But there are literally thousands of different types of compositional styles, operas of different lengths, operas of different subject matter, things that have dropped out of the repertory, things that are coming in to the repertory. There are new operas being composed literally every day, especially here in the United States, addressing contemporary issues. So I think that’s something we’re calling attention to and which will help more people feel welcome, and make them into habitual consumers of opera.

Do you ever worry though that, despite all that, young people just might not make the transition into liking opera due to the fact that it’s something, like you say, that there seems to be a lot of stigma around?

I think it’s like a disease. [laughs] I think if you’re born with an immunity to it, there’s no way I can get you to catch it. But I think that I am encouraged by the interest that younger people take in opera. I don’t know if they’re going to be coming with the degree of regularity that their parents or grandparents were. As I said, people consume things differently now. I think that when we talk about getting new audiences for opera, getting people who are totally new to it is a big challenge, but I think we have to accept the fact that the people who come in now are going to have different expectations to the audiences who came in 50 or 60 years ago.

How far is “too far” when you’re adapting an opera for a modern audience?

I don’t think there is such a thing as “too far” if the production style or the directorial approach is grounded in the music. I’ve been to productions that were very modern or very avant-garde, and was quite impressed with them because they had musical and dramatic validity. I’ve also been to very traditional productions which I found horrifying because they had absolutely no connection to the music.

What do you mean by “musical and dramatic validity”?

What happens in a great many productions now is that what is marketed and what is directed and what is designed is the libretto, which is the story. But, that libretto is the skeleton on which the music hangs. In an ideal combination, they sit together seamlessly. I think that if you decide you’re going to direct an opera performance and just alter the story, very often you’re left with little bits of music that are hanging out to dry that you haven’t really taken into account.

I saw a production of a Mozart opera where a female character was singing a very, very technically difficult aria, and the director chose to have her taking a bath. Now, I thought that was a poor decision. Nothing was timed to the music and she looked distinctly uncomfortable. A couple of years later, I saw a production at the Chicago Opera Theatre, and it was The Return of Ulysses by Monteverdi, which had a character taking a bath and I thought it was absolutely breathtaking. It said something about the character which was completely supported by the music and completely supported by her position in the drama as an object of desire for the male characters.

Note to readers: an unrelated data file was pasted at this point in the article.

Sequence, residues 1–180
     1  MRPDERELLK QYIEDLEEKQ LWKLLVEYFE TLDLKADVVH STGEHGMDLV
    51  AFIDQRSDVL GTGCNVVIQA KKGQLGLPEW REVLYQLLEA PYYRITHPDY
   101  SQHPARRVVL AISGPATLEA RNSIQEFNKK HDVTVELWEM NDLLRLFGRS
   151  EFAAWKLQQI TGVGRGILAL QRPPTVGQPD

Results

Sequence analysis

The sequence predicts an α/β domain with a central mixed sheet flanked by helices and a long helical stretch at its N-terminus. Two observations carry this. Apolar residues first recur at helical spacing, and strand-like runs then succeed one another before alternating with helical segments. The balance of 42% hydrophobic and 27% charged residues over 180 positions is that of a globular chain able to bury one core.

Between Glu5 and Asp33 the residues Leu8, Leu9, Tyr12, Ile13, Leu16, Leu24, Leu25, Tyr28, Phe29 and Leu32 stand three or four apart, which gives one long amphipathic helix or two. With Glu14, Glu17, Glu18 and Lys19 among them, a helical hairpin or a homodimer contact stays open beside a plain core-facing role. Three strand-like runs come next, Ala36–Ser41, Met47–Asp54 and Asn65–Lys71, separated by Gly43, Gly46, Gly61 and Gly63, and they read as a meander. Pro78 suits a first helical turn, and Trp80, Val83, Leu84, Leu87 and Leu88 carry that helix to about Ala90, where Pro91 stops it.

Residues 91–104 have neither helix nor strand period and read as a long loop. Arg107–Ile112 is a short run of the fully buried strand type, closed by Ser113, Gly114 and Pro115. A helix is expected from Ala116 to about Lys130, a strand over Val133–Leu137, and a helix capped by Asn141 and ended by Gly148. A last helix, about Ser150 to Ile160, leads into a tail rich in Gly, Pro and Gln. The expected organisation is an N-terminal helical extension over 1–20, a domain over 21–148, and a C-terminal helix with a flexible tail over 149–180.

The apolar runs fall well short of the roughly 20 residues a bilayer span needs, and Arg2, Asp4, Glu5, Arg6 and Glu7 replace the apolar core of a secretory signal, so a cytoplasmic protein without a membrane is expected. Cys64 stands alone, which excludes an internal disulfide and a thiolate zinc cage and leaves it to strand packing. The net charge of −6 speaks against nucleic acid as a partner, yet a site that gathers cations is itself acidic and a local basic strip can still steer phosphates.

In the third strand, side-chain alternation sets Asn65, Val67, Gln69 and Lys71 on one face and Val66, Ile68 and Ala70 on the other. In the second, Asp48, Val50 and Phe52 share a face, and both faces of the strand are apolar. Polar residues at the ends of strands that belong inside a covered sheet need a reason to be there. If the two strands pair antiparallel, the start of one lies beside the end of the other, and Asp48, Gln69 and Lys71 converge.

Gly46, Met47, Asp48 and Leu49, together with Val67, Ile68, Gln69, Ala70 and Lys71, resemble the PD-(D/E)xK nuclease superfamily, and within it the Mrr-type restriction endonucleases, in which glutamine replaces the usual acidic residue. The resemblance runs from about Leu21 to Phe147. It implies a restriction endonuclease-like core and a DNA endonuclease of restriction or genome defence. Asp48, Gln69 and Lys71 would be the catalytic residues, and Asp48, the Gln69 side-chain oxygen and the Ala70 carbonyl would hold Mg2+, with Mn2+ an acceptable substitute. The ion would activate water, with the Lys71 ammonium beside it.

Do you think it’s acceptable to cut parts of an opera like a dramaturge would for regular theatre?

Sure. Opera’s been doing it for ages. The Met produced Wagner operas towards the very beginning of the house’s life in 1883, and they were done with cuts until maybe the second or third iteration. Some of the Wagner Ring Cycle things are done with or without cuts depending on the season and the conductor. The fashion of cutting, if I can use that term loosely, is relatively recent. In the mid-20th century, you would never have heard an uncut performance of some operas. You would still have to go very far to hear an uncut performance of Verdi’s Don Carlo.

So it depends on the situation, but I think if the cuts are done with intelligence and taste and if they observe the music and the dramatic support that the cuts need … and also I think looking at the endurance of the audience is important. Because something that was put on in the mid-19th century at the Paris Opera was put on for the benefit of ladies and gentlemen who did not have to get up to go to work in the morning. There’s a limited amount of scope for people to sit through six and seven hour operas. If it’s something where the length is part of the appeal such as Wagner’s Ring Cycle, then people know how to prepare for it. But for a lot of other things, it becomes more difficult.

Obviously, there are so many more extra-musical features behind an opera than other forms of classical music, so what do you think an opera can teach us about the creative processes and character of its composer and participants?

I think it combines everything. If it’s well done, it gives you drama, it gives you music, it gives you design … it gives you the relationship between the singer and the text and the music, it gives you the relationship between the singer and the stage director, it gives you the relationship between the singer and the orchestra and the conductor, and how all that fits together. You get a truly impressive, active collaboration in a successful opera performance.

You also have the issue of language. One of the things that has always appealed to me is the fact that music is a universal language. It speaks beyond words, but opera, even if it is done in the original language, is something that can connect text to the listener in a way that underpins the emotion, and gives you a universal understanding of what a character is meant to be thinking and feeling. My favourite example is in Nozze di Figaro by Mozart. Mozart wrote Nozze di Figaro, and most of his other operas actually, for a very small group of singers. His operas were done in his lifetime obviously, principally in the German speaking world.

When he did Nozze di Figaro, he wrote a very intimate moment for The Count and Countess. The Count had behaved very badly in the previous act, and he says to The Countess, “please forgive me,” and she answers with a pause. Mozart had no way of knowing, when he wrote it, that that pause would still be engaging people’s interest hundreds of years later. But it has reached so many people on a visceral level, that you hear this, and realize that in the hands of a master like Mozart, he can write a relationship musically between a man and a woman that allows you to accept the fact that there are no endings, happy or unhappy — that a relationship is something which continues to evolve and grow. I think that’s part of the genius of that work and the genius of that composer, and links to the way we relate to him.